One of the key takeaways from the recent election results for U.S. Congress and the state Legislature in New York has gone largely unnoticed: the simple fact that legislative campaigns built around a narrative beat what I call “list campaigns.”
Narrative-based campaigns are built around projecting a thematic story. Alternatively, list campaigns are centered on particular issue stances, banging home the differences between candidates as if laying floor planks while constructing a home.
Narrative campaigns usually beat list campaigns for three interrelated reasons: 1) Voters are quite busy and don’t have time to keep score; 2) The public’s cynicism toward politics often renders list campaigns unpersuasive; and 3) Narrative campaigns leave voters better able to remember the rationale for supporting one candidate over another.
Simply put, narrative campaigns enhance voters’ retention of the information their candidates want them to internalize. Remember also that our politics emerges from our culture, not vice versa. Through the extraordinary influence of movies, TV shows and books, Americans are weaned on stories, and many of our strongest memories are fashioned through storytelling.
Narrative campaigns need not lack substance. Effective narrative campaigns strive for clarity, rather than mere simplicity. In truth, a narrative campaign takes the position planks of a list campaign and presents them in a package that is easy for voters to understand and remember. The end goal of a good narrative campaign is for voters to nod in agreement.
This year the Republicans, in legislative races both nationally and here in New York, proved more adept at crafting campaign narratives than the Democrats, who stuck to list campaigns. My simple advice to Democrats going forward is twofold: First, channel your inner James Carville and focus on using rapid response to at once promote and defend a campaign’s narrative. Second, follow the enduring value of the David Garth playbook: Be first up on TV with ads that define the race on your terms.
Surprisingly, the empirical value of linking a narrative to early TV ads goes against “the book” of campaign management, which urges holding TV dollars until the end of a campaign. Yet Garth’s approach almost always beats this conventional wisdom: Carey in 1974, Koch in 1977, Giuliani in 1993, Bloomberg in 2001—and, most recently, de Blasio in 2013, with his “Dante” ad.
In this year’s legislative races, the melding of narrative with early TV ads proved devastatingly effective for Republicans, particularly upstate, where more dispersed and older populations ate up the regional animus the GOP served in generous portions. The Democrats’ campaigns did not respond rapidly to potent charges, such as the humorous ads from the GOP’s North Country congressional candidate Elise Stefanik branding her opponent Aaron Woolf (who was battling a carpetbagger image) as Brooklyn’s congressman, or the ads that pounded incumbent Democrats such as State Sens. Ted O’Brien in Monroe County and Cecilia Tkaczyk in the Upper Hudson/Mohawk Valley, warning that if re-elected they would send upstate dollars down to New York City.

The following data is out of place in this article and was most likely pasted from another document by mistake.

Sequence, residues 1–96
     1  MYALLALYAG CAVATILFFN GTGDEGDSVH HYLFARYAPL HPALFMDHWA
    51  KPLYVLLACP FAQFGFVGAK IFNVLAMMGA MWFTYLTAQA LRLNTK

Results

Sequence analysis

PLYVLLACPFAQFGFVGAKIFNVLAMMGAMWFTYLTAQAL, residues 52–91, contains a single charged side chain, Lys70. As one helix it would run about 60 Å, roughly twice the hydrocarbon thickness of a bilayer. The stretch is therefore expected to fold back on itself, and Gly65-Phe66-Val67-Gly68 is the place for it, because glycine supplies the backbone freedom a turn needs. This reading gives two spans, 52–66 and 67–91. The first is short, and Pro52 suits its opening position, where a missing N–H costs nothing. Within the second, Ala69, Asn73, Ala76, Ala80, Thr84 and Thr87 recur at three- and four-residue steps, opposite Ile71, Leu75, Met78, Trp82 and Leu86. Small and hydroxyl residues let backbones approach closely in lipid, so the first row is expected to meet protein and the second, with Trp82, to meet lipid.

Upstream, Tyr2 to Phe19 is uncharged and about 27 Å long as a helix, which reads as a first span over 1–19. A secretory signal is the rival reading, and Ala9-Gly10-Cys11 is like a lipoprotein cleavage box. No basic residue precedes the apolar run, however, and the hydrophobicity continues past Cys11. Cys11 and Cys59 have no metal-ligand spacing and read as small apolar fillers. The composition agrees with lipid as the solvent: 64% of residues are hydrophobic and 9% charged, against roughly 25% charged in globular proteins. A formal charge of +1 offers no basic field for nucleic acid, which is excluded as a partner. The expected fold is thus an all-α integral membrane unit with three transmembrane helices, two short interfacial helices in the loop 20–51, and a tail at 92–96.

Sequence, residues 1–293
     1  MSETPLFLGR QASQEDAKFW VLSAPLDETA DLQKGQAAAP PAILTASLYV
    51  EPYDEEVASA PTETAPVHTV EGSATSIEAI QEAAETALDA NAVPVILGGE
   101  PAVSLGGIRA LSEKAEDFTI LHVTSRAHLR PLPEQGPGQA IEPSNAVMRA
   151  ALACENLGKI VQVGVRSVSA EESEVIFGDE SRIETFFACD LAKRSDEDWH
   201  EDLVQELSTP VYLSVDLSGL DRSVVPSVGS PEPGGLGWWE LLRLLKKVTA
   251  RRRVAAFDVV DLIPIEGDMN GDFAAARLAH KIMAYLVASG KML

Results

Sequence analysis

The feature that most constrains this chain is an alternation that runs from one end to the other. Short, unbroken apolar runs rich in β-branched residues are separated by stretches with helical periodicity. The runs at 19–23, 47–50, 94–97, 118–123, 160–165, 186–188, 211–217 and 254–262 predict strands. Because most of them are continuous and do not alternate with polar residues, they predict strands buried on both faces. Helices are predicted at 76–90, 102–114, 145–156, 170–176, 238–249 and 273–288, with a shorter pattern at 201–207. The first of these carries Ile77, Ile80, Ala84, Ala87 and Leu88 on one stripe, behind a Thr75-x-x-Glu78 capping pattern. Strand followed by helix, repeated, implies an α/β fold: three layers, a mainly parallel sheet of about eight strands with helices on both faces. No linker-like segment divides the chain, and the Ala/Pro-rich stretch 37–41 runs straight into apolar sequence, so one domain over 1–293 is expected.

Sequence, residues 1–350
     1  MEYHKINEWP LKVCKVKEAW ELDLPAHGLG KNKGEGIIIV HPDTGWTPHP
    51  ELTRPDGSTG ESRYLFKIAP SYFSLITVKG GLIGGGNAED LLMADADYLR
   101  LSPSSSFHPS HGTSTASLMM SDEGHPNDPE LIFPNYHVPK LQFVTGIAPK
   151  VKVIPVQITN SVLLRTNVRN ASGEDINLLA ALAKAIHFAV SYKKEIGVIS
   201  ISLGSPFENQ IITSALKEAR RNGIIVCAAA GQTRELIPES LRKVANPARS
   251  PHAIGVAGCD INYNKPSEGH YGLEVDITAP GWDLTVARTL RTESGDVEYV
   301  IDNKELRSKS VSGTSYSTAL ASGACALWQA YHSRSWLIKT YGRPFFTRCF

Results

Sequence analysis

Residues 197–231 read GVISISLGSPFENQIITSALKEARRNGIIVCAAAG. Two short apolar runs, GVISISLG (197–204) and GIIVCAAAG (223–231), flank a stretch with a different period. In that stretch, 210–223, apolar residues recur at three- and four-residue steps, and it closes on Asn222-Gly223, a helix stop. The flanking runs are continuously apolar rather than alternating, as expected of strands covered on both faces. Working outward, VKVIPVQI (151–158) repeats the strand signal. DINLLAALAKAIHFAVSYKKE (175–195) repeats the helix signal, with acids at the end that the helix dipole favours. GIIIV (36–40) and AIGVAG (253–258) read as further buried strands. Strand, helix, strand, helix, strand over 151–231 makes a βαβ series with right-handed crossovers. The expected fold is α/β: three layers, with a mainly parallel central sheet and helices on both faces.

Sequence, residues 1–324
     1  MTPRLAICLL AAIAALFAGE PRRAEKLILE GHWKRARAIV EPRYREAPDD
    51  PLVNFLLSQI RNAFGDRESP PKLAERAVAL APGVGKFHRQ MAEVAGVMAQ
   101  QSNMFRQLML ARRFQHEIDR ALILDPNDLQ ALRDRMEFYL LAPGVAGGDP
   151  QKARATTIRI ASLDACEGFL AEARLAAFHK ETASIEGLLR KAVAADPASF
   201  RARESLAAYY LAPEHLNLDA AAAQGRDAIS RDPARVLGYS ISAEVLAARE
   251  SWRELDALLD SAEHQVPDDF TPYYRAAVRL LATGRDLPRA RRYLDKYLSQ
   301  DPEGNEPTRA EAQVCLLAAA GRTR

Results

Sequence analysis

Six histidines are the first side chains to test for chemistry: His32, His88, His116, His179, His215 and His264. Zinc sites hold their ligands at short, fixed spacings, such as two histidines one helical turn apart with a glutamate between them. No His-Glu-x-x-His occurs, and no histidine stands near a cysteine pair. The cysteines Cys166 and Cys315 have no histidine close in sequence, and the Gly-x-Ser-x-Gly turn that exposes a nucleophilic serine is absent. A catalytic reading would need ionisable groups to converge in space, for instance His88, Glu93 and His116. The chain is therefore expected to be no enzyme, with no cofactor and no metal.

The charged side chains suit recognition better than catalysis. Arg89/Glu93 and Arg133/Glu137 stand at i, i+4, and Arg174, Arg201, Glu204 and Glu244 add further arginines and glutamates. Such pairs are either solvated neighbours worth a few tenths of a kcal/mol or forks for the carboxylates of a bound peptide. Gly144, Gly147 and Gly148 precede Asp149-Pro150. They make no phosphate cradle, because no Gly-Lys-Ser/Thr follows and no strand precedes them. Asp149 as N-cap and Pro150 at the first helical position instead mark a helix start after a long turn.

Democratic campaigns largely chose to absorb the blows and respond later with closing TV ad campaigns. One notable exception was Carrie Woerner’s creative TV buy, where the Democratic Assembly Campaign Committee’s positive spots amid all the other negative ads from the surrounding congressional and state Senate races allowed the Democrats to steal an Assembly seat in an exurban upstate district no one would have thought possible to win on Labor Day.
In the future, narrative campaigns should become absolutely essential to Democrats in legislative races, especially in low-turnout, off-year elections when down-ballot Dems don’t have a presidential campaign to lure young, minority and single women voters to the polls. This guidance is not meant to either attack or Monday morning quarterback any particular campaign. It is merely intended to remind future candidates that narrative campaigns trump list campaigns. The Republicans seem to understand this fact. Consequently, internalizing that lesson could lead to a new deal for Democrats down the road, in the hard to win seats upstate and in the suburbs.
Bruce N. Gyory is a political and strategic consultant at Manatt, Phelps & Phillips LLP and an adjunct professor of political science at SUNY Albany.
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